This Week in Science

Science  11 Dec 2009:
Vol. 326, Issue 5959, pp. 1455
  1. Dissecting Ephrin-Receptor Interaction


    Ephrins are transmembrane proteins that bind ephrin receptors on adjacent cells, leading to propagation of biochemical signals within both cells. Jørgensen et al. (p. 1502) devised a way to use differential isotopic labeling to distinguish cells engineered to express either the receptor or the ligand and to monitor bidirectional signaling events by mass spectrometry of the labeled peptides when the cells were mixed together. Signaling networks were constructed, and the information processing by the two interacting cell types was modeled. Changes in signaling within cells expressing just the ligand (ephrin) caused changes in the signal processing during the adjacent cell's response to binding of the ephrin receptor.

  2. TAL Order

    Xanthomonas bacteria attack their plant hosts by delivering their own transcription-activator–like (TAL) proteins into the plant cell nucleus and alter the plant's gene regulation (see the Perspective by Voytas and Joung). Moscou and Bogdanove (p. 1501, published online 29 October: see the cover) and Boch et al. (p. 1509, published online 29 October) have now discovered how the similar but not identical repeats in the TAL proteins encode the specificity needed for the proteins to find their targets. Each repeat is specific for one DNA base pair, a specificity encoded by hypervariable amino acid positions. Combining several repeats with different amino acids in the hypervariable positions allowed the production of new effectors that targeted new DNA sites.

  3. Microquasar Spotted

    Microquasars are binary star systems where a normal star sheds matter onto a neutron star or a black hole, generating x-ray radiation and jets of material moving at relativistic speeds. Microquasars have proved difficult to detect in high-energy gamma rays (> 100 megaelectron volts). Using the Fermi Large Area Telescope, Abdo et al. (p. 1512, published online 26 November; see the Perspective by Bignami) now report the detection of variable gamma-ray emission from the microquasar Cygnus X-3. The gamma-ray flux is modulated at the orbital period of Cygnus X-3, and its variation is correlated with the radio emission originating from the microquasar's relativistic jets.

  4. An Odd Sort of Revolution

    Joseph Hooker was the director of the Royal Botanic Gardens at Kew, London, when Charles Darwin and Alfred Wallace were presenting their ideas about evolution by natural selection. Hooker was a good friend of Darwin's and an ardent ally of evolutionary thinking, who came to realize that natural selection would have little impact on the taxonomist's endeavor. Endersby (p. 1496) reviews taxonomic practice in the 19th century, arguing that the concept of evolution was almost a sideshow in the energetic debate about whether to group varieties into single species or whether to divide species into endless varieties. On the one hand, Hooker was a “lumper,” who found it hard to tolerate the thought of species constantly emerging, because it hindered his analysis of global patterns of species richness. On the other hand, Darwin's vision reconciled both modes of classification in revealing the genealogy of life on Earth.

  5. Quick Spin Flips

    Quantum computation holds the tantalizing promise of vastly improving the efficiency of traditional computers. Among the many solid-state candidates for storing and manipulating quantum information, nitrogen vacancy centers in diamond are especially attractive because they can be used at room temperature and stay operational for milliseconds at a time. To use this coherence time efficiently, it is important to achieve fast manipulation of the spins in the system. Fuchs et al. (p. 1520, published online 19 November; see the Perspective by Gerardot and Öhberg) used pulses of strong microwave magnetic field to probe the dynamics of single spins in a nitrogen vacancy center. In this “strong-driving” nonlinear regime, extremely quick spin flips of less than a nanosecond in duration were observed, offering the possibility that up to a million operations could be performed on a single spin during its coherence time.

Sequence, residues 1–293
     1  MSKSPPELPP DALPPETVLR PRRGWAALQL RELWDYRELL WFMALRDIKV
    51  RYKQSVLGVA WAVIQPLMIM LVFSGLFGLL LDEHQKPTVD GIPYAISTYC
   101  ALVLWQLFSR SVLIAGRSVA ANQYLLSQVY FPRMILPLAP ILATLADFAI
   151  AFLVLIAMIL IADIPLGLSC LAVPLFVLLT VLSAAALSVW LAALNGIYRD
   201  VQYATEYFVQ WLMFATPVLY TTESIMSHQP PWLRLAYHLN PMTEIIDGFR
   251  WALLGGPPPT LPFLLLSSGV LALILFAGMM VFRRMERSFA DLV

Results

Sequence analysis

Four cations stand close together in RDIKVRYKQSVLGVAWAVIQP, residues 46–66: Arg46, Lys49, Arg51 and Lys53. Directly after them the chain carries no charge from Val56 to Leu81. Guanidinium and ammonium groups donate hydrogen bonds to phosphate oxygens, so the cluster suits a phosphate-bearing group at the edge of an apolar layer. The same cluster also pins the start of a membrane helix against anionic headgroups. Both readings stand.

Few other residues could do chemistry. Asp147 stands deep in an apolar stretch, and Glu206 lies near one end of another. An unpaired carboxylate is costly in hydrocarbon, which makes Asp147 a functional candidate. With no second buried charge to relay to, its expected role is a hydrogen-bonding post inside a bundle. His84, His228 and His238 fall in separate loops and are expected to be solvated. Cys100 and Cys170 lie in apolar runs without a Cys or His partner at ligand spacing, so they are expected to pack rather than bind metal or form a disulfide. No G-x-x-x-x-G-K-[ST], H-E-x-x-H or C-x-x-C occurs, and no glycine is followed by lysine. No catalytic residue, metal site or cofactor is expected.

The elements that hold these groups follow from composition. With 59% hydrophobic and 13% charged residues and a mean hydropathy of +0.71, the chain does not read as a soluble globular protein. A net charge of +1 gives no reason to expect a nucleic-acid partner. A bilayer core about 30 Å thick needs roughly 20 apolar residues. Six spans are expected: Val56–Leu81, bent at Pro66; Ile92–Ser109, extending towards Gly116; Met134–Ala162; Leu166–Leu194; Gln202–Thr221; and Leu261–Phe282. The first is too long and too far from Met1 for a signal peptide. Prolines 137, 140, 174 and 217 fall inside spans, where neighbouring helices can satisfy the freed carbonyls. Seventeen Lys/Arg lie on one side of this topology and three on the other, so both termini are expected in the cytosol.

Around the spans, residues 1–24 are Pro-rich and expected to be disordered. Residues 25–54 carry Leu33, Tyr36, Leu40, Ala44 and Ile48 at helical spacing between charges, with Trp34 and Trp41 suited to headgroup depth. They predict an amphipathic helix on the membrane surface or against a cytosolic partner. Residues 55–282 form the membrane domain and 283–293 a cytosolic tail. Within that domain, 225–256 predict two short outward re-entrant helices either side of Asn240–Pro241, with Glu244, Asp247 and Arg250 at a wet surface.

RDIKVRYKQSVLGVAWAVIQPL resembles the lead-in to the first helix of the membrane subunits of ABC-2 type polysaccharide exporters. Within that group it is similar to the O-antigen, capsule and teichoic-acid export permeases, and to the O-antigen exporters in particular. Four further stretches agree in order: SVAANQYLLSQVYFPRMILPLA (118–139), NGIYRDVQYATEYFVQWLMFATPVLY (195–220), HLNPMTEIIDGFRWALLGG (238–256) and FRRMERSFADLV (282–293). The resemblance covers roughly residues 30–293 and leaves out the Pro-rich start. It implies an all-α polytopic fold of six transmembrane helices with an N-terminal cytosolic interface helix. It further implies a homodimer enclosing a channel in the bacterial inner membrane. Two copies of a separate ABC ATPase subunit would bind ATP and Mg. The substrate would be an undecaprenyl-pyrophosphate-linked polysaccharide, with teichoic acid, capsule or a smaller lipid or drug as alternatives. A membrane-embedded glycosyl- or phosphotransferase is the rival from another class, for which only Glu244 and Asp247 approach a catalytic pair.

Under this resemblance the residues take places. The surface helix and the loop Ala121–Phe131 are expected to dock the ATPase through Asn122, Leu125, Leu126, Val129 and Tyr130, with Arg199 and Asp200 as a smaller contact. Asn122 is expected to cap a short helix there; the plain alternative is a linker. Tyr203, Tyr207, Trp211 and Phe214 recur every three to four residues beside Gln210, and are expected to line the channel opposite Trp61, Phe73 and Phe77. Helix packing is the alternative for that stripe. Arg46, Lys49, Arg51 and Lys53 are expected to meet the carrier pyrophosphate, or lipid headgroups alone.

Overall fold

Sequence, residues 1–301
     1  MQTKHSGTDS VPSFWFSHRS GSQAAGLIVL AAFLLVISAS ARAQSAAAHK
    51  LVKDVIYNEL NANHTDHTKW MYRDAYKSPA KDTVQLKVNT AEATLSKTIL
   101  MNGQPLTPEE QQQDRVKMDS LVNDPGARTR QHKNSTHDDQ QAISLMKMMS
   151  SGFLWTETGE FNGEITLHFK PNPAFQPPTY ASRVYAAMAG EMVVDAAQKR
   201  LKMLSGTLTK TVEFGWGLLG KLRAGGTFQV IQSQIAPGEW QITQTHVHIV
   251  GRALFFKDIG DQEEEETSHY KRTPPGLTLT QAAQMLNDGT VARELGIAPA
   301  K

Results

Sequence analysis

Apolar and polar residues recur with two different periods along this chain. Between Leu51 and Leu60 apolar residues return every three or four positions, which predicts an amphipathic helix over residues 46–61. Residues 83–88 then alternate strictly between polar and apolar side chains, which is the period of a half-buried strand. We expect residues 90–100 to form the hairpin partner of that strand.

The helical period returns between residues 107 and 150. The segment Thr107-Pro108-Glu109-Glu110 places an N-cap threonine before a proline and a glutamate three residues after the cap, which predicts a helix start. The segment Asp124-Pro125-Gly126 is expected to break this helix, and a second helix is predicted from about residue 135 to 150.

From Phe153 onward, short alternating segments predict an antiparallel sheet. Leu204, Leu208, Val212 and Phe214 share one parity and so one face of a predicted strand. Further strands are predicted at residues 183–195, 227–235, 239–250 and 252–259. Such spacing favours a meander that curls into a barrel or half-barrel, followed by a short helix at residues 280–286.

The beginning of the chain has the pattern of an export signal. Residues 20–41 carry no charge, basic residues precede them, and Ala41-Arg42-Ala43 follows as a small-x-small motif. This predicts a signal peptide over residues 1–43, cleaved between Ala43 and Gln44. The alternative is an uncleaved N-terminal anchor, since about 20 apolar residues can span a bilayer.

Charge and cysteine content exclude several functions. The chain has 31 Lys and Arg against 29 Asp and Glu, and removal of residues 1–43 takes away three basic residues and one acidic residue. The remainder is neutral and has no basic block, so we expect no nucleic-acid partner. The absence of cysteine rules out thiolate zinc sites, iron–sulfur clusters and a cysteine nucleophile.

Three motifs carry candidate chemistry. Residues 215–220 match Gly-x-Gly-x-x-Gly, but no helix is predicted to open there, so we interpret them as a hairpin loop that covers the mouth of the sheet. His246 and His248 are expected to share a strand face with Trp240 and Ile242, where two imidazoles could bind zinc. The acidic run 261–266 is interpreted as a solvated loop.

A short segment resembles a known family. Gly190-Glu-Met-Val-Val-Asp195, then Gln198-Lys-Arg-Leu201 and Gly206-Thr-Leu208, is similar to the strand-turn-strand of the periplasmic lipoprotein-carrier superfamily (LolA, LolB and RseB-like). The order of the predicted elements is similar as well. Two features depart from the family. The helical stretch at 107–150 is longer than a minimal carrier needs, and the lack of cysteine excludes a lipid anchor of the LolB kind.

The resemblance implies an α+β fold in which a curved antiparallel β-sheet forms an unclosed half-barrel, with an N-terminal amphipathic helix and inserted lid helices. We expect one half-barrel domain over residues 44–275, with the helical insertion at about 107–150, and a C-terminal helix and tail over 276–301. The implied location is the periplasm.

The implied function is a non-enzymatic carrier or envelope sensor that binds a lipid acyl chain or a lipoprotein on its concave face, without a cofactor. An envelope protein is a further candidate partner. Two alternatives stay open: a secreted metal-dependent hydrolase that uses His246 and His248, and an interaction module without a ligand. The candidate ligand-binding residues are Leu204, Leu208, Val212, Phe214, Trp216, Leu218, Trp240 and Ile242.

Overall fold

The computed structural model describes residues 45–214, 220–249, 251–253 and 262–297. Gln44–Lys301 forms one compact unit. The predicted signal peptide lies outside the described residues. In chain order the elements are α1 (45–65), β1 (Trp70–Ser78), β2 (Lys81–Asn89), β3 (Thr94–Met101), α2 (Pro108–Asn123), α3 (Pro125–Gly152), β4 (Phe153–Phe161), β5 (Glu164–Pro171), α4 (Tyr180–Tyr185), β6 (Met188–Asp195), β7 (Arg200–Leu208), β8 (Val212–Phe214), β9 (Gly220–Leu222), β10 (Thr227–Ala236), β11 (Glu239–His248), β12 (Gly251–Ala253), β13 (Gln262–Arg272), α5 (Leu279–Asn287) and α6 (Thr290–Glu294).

6. Early Dinosaur Discovery


    Our understanding of the evolution of early dinosaurs is hampered by limited material, especially compared to the many Jurassic and Cretaceous samples. Nesbitt et al. (p. 1530) provide a complete view of a Late Triassic theropod based on several nearly complete skeletons from New Mexico. The dinosaur elucidates the likely relationships between early theropods and shows that some prominent features were already derived by this time. Comparison among Triassic dinosaur fauna and other early species suggests that Triassic North American fauna were diverse but not endemic, perhaps arising from earlier migrants from South America.

  7. Gas Leak Inspection

    The solid portion of Earth was formed from accretion of material and debris formed in the primitive Solar System. Earth's early evolution included the differentiation of its interior and the development of a primordial atmosphere. Heavy noble gases in the atmosphere could have been acquired during the initial accretion process or may have accumulated later through gravitational volatile capture. Holland et al. (p. 1522) show that Kr and Xe trapped in the upper mantle have isotopic signatures characteristic of early Solar System material similar to meteorites rather than those of the modern atmosphere and oceans. Thus, noble gases trapped within the young Earth did not contribute to Earth's later atmospheric composition.

  8. Framework for Change

    Organic aerosols make up 20 to 90% of the particulate mass of the troposphere and are important factors in both climate and human heath. However, their sources and removal pathways are very uncertain, and their atmospheric evolution is poorly characterized. Jimenez et al. (p. 1525; see the Perspective by Andreae) present an integrated framework of organic aerosol compositional evolution in the atmosphere, based on model results and field and laboratory data that simulate the dynamic aging behavior of organic aerosols. Particles become more oxidized, more hygroscopic, and less volatile with age, as they become oxygenated organic aerosols. These results should lead to better predictions of climate and air quality.